City longs for sounds of silence
5 June 2010, Times of India
People protested, activists spoke about it, policemen fined offenders. But noise pollution in Mumbai has only about marginally decreased. “There is greater awareness about noise pollution, but there isn’t any substantial decrease in the levels,’’ says Sumaira Abduali of the NGO Awaaz who has championed the cause for decades. She is a tad happy that after years of awareness drives, Mumbaikars now do recognise noise as a big health hazard. “Noise over the permissible limits is not just about pollution, it is about being a health hazard,’’ she adds. Over the last few decades, scientists from across the world have conclusively proved that continued exposure to noise pollution not only leads to hearing loss but also to a greater risk of heart attack, high blood pressure, depression, and the like. She is happy that implementation of the time-limit for loudspeakers has reduced overall noise pollution. “But people are always looking for ways to break it. Even the IPL matches made no effort to conform to the high court deadlines. Its authorities could have ensured that the matches finish a few hours earlier than they did, but they didn’t,’’ she adds. Dr. G. Ambe, executive health officer of the BMC, concedes that noise pollution is a real menace in the city. “Mumbai’s traffic is to be blamed for half the noise pollution. For the other half, you have loudspeakers blaring (especially during festivals). If a survey is done, the hearing ability of Mumbaikars will surely have been found to be highly affected,’’ says Dr Ambe. Interestingly, the city still doesn’t conform to the earlier limits set by the World Health Organisation. “A few years back, WHO revised its earlier limits as being too high for human beings (WHO has fixed 45 decibels as the safe noise level for a city, but most cities like Mumbai register levels of over 90 decibels). But Mumbai still doesn’t meet the levels set by WHO in the mid-eighties,’’ says Abdulali. Not surprisingly, Mumbai is the third noisiest city in the world.
Mobile towers posing permanent health risk
5 June 2010, Times of India
Technology has spawned a new health hazard mobile towers, which dot every second building in most cities. While the jury is still out there on the real health threat posed by both mobile phones and their towers, there is a growing movement in the city to highlight the same. Milind Bembalkar, who has been working with the Mobile Tower Grievances Forum for over a year, said, “Just next to my residential building, engineers working for a network provider were one day complaining that they could not sleep and were constantly restless. While there was no proof that their conditions were because of the mobile tower radiations, we realised that there were a lot of people who suffer from a variety of disorders and even die due to the radiations,’’ said Bembalkar. He talks about a lane in Solapur where nine persons reportedly died after developing cancer within four years of two mobile towers being built in the area. Skin rashes, hearing problems, sleeplessness, migraine, fatigue, lack of concentration, fearfulness and skin dehydration are a few short-term problems reported by people living in the vicinity of mobile towers. International studies have also reported bigger disorders caused by these radiations. “International studies show that the mobile tower radiations may not only be capable of causing cancer, but also cause neurotic disorders like Parkinson’s and Alzheimer’s. Most of all, prolonged exposure to radiations may cause DNA mutations and thus are most dangerous to foetuses,’’ said Manoj Londhe, another member of Mobile Tower Grievances Forum. However, civic executive health officer Dr G T Ambe says there is no data to suggest that radiation is actually harmful. “BARC has been studying the effects of mobile tower radiations. As far as I know, the radiations can cause problems only over a period of some years. Short-term exposure may not be harmful,’’ he said.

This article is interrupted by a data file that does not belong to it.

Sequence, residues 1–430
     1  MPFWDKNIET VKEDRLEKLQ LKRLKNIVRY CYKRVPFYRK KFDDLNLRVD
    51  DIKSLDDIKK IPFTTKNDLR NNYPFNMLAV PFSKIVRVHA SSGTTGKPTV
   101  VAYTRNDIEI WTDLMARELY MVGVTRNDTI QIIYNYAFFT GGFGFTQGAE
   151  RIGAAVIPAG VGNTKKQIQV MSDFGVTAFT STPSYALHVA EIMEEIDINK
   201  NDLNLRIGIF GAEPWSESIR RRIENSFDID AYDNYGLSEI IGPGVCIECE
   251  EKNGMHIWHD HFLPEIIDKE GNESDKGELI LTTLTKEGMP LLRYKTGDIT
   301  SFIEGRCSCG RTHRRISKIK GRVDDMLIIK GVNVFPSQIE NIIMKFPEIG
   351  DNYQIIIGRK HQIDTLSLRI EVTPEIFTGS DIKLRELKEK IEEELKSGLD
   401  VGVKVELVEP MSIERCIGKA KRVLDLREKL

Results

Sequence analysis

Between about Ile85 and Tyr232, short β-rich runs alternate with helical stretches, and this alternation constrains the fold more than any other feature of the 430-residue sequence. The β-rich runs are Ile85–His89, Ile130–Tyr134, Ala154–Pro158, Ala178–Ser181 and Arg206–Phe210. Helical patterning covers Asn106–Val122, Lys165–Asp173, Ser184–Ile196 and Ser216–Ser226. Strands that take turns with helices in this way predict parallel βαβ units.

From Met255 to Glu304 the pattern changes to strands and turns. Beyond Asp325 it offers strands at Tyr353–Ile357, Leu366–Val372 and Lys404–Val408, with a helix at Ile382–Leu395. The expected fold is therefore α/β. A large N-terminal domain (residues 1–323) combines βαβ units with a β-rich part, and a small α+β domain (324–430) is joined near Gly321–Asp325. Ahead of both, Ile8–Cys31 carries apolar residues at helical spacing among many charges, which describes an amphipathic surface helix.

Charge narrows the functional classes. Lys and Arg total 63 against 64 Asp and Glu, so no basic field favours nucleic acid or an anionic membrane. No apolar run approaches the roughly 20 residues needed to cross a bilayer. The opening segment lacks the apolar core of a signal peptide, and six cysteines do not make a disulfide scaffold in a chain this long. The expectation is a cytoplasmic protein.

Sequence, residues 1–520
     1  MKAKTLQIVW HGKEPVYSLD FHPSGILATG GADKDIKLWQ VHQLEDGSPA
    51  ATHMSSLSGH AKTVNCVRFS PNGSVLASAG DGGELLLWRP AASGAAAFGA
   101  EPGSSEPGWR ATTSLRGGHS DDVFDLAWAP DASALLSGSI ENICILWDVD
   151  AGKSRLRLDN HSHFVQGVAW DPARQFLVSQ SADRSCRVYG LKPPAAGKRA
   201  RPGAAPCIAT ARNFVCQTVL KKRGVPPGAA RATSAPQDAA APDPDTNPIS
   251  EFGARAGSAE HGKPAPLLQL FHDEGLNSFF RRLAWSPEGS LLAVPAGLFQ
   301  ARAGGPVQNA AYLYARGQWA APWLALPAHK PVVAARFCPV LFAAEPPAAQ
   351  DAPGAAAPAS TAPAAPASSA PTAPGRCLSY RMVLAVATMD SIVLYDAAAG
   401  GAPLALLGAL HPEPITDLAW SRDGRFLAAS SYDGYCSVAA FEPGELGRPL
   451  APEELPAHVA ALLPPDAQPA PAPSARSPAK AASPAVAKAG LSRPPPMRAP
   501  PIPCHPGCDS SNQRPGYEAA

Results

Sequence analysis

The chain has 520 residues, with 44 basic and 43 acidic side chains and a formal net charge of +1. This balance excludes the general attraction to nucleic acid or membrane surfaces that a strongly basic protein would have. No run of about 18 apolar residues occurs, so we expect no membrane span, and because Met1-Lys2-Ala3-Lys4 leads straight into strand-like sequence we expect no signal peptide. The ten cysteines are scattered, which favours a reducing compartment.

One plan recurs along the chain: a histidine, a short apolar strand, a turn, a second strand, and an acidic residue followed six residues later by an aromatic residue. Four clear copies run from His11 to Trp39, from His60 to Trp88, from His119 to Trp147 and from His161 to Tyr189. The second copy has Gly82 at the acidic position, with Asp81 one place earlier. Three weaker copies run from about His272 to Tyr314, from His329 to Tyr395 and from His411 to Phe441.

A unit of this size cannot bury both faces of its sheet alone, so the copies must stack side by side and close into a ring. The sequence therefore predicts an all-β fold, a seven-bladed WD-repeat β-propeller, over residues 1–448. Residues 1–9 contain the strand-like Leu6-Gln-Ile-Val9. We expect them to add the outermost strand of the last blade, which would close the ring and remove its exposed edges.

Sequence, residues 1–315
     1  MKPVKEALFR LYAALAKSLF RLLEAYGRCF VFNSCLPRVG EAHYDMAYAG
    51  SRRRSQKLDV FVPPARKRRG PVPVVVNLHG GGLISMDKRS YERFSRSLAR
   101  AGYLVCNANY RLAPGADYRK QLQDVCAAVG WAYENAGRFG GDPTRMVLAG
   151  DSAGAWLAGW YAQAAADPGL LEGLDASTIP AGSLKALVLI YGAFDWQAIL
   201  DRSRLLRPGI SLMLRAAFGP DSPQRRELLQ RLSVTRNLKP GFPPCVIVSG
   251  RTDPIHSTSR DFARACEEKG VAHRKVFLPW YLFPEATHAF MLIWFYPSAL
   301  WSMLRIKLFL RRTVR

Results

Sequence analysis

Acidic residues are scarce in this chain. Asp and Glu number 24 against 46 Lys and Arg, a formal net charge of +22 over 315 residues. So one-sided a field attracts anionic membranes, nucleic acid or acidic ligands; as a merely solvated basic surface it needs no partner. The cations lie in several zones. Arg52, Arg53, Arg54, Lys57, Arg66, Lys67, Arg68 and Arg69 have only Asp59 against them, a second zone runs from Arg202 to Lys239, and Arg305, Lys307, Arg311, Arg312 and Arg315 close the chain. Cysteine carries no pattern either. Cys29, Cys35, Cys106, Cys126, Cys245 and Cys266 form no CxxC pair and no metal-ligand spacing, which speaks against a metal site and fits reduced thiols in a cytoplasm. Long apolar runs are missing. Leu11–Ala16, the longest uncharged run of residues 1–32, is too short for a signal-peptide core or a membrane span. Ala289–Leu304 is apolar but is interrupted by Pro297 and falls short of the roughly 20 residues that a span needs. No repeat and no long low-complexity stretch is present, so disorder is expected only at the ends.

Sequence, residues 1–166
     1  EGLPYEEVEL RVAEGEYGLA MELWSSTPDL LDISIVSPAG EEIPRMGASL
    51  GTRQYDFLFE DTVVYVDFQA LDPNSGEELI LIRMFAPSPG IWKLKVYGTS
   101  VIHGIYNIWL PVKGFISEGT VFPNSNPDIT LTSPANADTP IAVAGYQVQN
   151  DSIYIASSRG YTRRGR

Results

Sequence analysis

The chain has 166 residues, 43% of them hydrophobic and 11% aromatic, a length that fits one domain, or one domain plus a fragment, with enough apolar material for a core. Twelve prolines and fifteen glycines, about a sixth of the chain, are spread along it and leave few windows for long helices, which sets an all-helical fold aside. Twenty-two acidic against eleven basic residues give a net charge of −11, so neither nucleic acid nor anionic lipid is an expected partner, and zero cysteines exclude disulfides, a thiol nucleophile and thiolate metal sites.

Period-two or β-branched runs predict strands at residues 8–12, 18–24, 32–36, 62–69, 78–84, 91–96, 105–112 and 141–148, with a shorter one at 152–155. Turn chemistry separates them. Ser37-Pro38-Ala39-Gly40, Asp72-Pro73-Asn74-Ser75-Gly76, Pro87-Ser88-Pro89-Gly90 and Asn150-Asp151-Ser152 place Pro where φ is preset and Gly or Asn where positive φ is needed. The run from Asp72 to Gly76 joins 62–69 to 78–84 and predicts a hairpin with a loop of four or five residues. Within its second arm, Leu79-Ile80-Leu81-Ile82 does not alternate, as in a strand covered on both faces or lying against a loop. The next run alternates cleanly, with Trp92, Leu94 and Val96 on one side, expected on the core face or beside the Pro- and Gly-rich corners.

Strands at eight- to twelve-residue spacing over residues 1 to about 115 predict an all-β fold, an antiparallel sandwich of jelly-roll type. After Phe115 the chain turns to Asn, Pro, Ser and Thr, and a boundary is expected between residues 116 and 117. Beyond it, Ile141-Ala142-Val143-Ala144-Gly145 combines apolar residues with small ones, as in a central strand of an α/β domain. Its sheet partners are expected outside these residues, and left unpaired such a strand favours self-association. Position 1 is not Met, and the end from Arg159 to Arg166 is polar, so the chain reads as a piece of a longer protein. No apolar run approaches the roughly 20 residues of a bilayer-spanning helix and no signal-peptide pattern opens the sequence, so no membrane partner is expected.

State to check how civic bodies save environment
5 June 2010, Hindustan Times
MUMBAI: The state Environment Department has made it compulsory for all municipal corporations and councils to prepare environmental status reports with a line of action to solve the issues and send them to the government by August 2010. A sub-committee headed by Revenue Minister Narayan Rane and including ministers from the Environment, Transport, Industries, Sanitation and Rural Development departments will look at the reports make recommendations and monitor action taken. It is only when there is coordination between all these departments that we will be able to deal with issues such as dumping of garbage, effluents let out by industries and electronic waste management,” said Environment Minister Suresh Shetty. “Also these problems which are haunting cities like Mumbai will slowly move to smaller places soon.. so we need to plan in advance.’’ An environment status report will deal with issues such as water, industries pollution & control measures, domestic pollution and control measures, air environment, hazardous waste management and specific environment improvement programmes that have been taken up by the council or corporation of an area. If needed we will be providing guidance from the state for compiling the status reports Shetty added. The state has also initiated the formation of district environment committees that will include district officials, local legislators and environment activists who will prepare a vision document for the district which will be submitted to the department. The Brihanmumbai Municipal Corpotation brings out an environment status report every year and submits it to the state.